Painful push for recognition

 SOMALILAND/Dianna Games AN OLD MIG fighter plane is mounted on a plinth in the centre of Hargeisa, capital of the breakaway Somaliland republic. It is a stark reminder of the civil war fought more than a dec- ade ago in which about 50000 died.

The city itself was flattened by repeated bombing sorties by the forces of then Somali president Siad Barre.

After the war, Somalilanders decided to go it alone. They took a devastated territory and made it into a peaceful democracy in what many of them refer to as a "rough neighbourhood".

Recently, that peace has been shaken by the murder of three foreign workers in two separate incidents.

On October 5, Italian doctor Annalena Tonelli was killed outside the hospital she founded in Borama, a town on the border with Ethiopia. Last week, two British teachers working for an aid agency were killed by unidentified gunmen. A number of arrests have been made but no motive has yet been identified.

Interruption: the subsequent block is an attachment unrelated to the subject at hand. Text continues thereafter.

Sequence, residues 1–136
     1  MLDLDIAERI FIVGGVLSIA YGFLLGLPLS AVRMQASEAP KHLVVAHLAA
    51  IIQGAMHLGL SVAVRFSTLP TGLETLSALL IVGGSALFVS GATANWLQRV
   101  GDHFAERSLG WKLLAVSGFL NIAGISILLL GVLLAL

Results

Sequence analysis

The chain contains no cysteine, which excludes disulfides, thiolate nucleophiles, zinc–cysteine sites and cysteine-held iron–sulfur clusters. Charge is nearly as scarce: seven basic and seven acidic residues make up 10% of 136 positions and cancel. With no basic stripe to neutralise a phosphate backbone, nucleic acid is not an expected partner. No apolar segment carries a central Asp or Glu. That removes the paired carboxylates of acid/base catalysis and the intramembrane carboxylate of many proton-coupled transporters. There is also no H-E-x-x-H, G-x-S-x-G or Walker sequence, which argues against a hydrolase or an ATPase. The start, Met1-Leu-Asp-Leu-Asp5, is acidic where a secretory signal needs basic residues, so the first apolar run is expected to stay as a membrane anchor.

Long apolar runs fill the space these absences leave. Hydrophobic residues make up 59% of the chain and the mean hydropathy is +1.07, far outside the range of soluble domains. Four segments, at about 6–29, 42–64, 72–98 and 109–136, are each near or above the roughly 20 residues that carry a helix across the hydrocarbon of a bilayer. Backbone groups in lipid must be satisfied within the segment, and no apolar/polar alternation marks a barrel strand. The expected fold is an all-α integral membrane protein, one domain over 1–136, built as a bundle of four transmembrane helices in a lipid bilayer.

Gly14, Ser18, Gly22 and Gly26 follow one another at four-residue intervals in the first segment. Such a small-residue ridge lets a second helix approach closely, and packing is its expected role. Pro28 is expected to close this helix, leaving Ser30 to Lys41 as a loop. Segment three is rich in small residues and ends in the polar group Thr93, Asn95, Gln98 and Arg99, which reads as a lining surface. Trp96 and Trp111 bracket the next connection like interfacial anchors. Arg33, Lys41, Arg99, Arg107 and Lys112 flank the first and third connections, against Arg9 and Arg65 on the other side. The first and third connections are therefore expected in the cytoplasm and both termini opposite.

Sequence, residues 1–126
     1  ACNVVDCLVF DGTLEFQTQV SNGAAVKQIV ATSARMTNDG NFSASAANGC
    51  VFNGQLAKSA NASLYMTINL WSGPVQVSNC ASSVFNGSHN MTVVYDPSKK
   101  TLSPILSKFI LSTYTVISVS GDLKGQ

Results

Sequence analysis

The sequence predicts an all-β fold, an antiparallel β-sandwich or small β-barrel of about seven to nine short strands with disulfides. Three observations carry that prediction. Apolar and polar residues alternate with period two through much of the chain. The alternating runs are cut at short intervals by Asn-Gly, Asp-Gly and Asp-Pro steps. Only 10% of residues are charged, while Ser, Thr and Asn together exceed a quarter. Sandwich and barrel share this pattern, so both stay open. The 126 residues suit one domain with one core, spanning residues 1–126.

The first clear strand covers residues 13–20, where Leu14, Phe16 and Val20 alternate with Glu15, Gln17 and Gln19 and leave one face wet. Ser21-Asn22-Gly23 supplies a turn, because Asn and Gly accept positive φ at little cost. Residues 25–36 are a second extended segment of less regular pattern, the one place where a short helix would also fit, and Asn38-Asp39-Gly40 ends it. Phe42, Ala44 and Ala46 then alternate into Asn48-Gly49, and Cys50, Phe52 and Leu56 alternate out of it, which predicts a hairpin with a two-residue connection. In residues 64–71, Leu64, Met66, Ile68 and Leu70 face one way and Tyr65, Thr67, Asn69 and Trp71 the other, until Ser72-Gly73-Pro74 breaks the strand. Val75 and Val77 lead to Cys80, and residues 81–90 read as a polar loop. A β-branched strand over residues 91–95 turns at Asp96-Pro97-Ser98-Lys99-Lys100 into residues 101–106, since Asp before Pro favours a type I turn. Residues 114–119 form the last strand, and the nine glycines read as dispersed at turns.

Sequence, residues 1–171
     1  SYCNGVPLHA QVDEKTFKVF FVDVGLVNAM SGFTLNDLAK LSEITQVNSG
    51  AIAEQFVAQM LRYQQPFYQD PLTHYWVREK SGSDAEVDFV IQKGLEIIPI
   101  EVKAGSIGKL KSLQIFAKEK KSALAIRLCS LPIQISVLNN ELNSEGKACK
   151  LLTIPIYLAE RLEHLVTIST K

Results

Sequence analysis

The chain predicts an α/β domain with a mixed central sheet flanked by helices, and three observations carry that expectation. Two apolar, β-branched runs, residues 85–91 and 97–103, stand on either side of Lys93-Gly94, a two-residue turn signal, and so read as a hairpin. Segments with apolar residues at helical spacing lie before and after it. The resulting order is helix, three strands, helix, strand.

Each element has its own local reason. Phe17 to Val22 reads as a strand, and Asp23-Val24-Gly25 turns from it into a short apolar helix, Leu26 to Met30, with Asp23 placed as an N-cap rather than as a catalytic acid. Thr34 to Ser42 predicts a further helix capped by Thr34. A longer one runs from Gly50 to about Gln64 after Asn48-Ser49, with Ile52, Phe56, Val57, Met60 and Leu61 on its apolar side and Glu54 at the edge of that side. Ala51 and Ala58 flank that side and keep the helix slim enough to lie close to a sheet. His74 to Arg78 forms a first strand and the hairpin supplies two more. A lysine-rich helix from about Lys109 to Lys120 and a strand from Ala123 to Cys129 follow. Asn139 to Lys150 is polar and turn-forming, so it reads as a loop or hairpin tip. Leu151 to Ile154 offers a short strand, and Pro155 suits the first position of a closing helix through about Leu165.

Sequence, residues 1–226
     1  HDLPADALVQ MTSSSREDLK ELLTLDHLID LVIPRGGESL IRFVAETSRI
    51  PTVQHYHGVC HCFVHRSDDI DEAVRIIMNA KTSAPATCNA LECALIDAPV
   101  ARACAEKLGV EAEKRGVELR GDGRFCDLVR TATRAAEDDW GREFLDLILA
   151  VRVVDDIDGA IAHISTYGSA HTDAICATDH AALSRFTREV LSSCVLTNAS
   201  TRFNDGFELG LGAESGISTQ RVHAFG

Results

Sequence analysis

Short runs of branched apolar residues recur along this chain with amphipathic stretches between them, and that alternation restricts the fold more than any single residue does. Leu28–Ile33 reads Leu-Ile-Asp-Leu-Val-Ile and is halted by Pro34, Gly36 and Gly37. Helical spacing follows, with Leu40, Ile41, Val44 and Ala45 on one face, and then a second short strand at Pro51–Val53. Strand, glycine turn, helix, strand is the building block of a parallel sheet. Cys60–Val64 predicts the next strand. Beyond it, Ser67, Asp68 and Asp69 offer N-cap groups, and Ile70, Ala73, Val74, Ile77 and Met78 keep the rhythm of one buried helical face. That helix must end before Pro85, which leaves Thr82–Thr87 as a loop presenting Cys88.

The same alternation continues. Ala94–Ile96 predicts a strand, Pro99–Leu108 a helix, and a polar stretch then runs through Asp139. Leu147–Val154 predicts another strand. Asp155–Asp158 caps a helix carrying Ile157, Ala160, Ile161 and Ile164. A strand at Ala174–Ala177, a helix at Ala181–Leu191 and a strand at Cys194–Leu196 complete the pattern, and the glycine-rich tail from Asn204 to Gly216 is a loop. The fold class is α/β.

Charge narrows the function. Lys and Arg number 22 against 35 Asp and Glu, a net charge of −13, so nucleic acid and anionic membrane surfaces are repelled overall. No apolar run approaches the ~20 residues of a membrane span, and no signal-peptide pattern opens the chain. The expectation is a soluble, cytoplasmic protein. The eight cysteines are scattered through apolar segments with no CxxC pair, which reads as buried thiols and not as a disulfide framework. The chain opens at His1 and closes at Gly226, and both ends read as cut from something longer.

The first murder could have been dismissed as a random killing but the second, soon afterwards, suggests a pattern. There are fears it may be the work of Islamic fundamentalists or possibly a politically motivated plot to undermine Somaliland's bid for international recognition as an independent country.

The nation's peaceful record has been a crucial pillar in its tireless efforts to gain recognition. Its hard-won peace is noteworthy. The long process of demobilising armed militias and re-employing them into state security functions is a major success story.

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